March 2012
Volume 53, Issue 14
ARVO Annual Meeting Abstract  |   March 2012
Functionalized Nanoparticles To Enhance Regenerative Axon Growth
Author Affiliations & Notes
  • Daniel W. Pita-Thomas
    Ophthalmology, University of Miami, Miami, Florida
  • Michael Steketee
    Ophthalmology, University of Miami, Miami, Florida
  • Jeffrey L. Goldberg
    Ophthalmology, University of Miami, Miami, Florida
  • Karl Kador
    Ophthalmology, University of Miami, Miami, Florida
  • Footnotes
    Commercial Relationships  Daniel W. Pita-Thomas, None; Michael Steketee, None; Jeffrey L. Goldberg, None; Karl Kador, None
  • Footnotes
    Support  Technology Transfer Feasibility Grant ID 2KF03, EY017971 (JLG), P30-EY014801 (University of Miami), and NRSA T32NS007044 (MBS), as well as an unrestricted grant from Research to Prevent Blindness
Investigative Ophthalmology & Visual Science March 2012, Vol.53, 303. doi:
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    • Get Citation

      Daniel W. Pita-Thomas, Michael Steketee, Jeffrey L. Goldberg, Karl Kador; Functionalized Nanoparticles To Enhance Regenerative Axon Growth. Invest. Ophthalmol. Vis. Sci. 2012;53(14):303.

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      © ARVO (1962-2015); The Authors (2016-present)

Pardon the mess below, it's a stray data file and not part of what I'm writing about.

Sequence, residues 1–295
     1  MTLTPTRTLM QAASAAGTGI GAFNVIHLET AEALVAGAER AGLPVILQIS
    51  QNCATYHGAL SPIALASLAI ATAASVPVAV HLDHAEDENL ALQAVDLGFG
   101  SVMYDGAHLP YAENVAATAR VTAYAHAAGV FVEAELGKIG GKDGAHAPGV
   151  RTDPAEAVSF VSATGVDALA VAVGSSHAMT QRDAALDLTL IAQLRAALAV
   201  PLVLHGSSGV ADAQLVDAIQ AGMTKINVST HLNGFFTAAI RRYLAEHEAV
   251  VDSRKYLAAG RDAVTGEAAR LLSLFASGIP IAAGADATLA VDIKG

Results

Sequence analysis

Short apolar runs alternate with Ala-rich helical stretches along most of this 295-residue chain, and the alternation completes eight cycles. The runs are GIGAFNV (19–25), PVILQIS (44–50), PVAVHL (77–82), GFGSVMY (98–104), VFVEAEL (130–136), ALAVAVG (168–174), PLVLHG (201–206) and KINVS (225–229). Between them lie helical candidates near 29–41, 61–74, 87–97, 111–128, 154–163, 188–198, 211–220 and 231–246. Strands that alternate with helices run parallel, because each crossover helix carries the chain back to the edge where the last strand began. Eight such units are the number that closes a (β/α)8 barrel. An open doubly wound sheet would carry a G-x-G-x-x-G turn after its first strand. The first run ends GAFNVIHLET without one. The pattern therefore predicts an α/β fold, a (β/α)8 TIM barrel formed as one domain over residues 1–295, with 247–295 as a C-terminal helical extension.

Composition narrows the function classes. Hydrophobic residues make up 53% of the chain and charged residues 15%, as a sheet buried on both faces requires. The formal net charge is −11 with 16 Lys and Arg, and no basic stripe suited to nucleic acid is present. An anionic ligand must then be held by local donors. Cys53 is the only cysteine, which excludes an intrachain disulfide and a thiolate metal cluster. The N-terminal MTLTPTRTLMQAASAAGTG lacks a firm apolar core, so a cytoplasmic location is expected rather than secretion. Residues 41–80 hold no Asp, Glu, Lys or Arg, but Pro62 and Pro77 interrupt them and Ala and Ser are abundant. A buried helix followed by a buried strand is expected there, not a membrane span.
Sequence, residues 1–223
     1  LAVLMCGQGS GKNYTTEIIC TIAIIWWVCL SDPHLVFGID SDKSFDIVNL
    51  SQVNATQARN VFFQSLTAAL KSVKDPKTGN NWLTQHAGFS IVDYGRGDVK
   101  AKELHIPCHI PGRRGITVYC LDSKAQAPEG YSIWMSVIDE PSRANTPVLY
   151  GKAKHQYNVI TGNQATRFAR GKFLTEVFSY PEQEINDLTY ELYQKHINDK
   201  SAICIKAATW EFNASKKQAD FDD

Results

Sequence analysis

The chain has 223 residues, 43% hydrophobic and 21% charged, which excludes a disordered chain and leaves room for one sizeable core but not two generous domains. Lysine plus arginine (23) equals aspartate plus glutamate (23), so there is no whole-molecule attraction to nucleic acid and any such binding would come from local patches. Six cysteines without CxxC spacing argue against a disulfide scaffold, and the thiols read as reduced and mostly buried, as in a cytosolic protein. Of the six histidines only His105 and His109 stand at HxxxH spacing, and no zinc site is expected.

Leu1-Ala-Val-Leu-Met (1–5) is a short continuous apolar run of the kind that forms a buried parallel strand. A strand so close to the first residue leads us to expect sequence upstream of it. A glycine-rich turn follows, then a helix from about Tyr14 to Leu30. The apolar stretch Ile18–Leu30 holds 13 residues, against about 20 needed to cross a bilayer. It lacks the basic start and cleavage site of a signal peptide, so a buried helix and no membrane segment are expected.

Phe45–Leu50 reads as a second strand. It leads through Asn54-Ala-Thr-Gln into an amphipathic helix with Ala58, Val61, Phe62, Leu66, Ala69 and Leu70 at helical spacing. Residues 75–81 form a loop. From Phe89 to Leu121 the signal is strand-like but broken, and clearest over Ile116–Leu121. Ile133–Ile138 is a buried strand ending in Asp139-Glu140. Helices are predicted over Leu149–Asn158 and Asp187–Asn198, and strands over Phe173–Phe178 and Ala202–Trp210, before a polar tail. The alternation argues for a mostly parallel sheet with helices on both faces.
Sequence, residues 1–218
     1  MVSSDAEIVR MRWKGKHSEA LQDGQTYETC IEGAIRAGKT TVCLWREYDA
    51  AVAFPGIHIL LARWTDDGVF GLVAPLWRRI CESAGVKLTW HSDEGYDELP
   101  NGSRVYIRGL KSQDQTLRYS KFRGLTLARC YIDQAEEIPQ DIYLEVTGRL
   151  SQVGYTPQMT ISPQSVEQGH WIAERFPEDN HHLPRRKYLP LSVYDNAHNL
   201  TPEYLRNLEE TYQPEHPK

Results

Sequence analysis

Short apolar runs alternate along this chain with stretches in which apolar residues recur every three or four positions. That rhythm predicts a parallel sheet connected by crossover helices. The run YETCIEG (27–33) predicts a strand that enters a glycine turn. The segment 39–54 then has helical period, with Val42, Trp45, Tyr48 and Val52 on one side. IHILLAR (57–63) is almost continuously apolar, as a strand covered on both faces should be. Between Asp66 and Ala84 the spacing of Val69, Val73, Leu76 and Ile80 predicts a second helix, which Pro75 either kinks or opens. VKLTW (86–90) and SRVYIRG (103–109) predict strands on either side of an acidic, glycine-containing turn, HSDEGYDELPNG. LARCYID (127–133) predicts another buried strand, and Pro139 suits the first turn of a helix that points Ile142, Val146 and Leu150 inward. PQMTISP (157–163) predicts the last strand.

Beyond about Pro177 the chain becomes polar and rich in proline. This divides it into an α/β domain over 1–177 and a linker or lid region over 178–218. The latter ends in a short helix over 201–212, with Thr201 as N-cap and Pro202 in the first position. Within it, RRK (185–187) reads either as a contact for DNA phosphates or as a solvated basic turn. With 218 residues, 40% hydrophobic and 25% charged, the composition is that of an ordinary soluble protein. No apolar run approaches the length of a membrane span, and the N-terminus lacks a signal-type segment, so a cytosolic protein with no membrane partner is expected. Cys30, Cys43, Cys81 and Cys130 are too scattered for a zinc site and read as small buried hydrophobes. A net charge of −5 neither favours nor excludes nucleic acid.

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Purpose: : Neurons in the central nervous system fail to regenerate their axons after injury. Although there are approaches to neutralize inhibitory signals and add growth-promoting signals, delivery therapeutics to the lesion site is problematic, limiting efficacy. In the present study, we propose use functionalized magnetic nanoparticles (fMNPs) as a treatment delivery system to enhance regenerative axon growth.

Methods: : We used chemical coupling of fluorescent nanoparticles to agonist anti-trkB antibodies, cholera toxin B and peptides; coculture of retinal ganglion cells (RGCs) with fMNPs to promote endocytosis; and manipulation of the fMNPs using magnetic forces. Intravitreal injection of fMNPs in rats was followed by immunohistochemistry to assess fMNPs’ location.

Results: : fMNPs functionalized with different molecules were endocytosed into long-lived signaling endosomes by RGCs and transported along the axon. Application of magnetic forces to cultured RGCs loaded with fMNPs induced changes in axon growth rates. fMNPs injected intravitreally were internalized by RGCs and trafficked to axons in the optic nerve and dendrites in the inner plexiform layer.

Conclusions: : fMNPs provide a flexible platform for targeting nano-therapeutics to previously inaccessible regions of the central nervous system and advance our understanding of fundamental mechanisms regulating axon growth.

Keywords: ganglion cells • regeneration • optic nerve 

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